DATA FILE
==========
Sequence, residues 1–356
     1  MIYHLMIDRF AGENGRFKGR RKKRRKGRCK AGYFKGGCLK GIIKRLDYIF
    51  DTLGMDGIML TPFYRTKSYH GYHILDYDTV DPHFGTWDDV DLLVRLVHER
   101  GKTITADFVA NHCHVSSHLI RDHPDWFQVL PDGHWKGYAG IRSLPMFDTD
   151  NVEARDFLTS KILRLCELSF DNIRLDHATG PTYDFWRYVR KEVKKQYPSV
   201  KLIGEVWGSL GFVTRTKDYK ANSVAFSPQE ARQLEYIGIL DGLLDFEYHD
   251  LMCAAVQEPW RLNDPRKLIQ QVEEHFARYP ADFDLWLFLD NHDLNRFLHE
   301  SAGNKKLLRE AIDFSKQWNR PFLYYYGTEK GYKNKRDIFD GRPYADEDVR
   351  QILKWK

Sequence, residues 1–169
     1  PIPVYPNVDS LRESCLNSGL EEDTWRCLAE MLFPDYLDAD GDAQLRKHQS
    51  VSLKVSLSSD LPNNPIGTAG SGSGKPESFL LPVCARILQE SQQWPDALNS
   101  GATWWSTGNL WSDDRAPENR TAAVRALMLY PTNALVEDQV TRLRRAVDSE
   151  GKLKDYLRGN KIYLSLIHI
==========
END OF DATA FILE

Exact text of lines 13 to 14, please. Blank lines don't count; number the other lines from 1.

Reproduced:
   101  GATWWSTGNL WSDDRAPENR TAAVRALMLY PTNALVEDQV TRLRRAVDSE
   151  GKLKDYLRGN KIYLSLIHI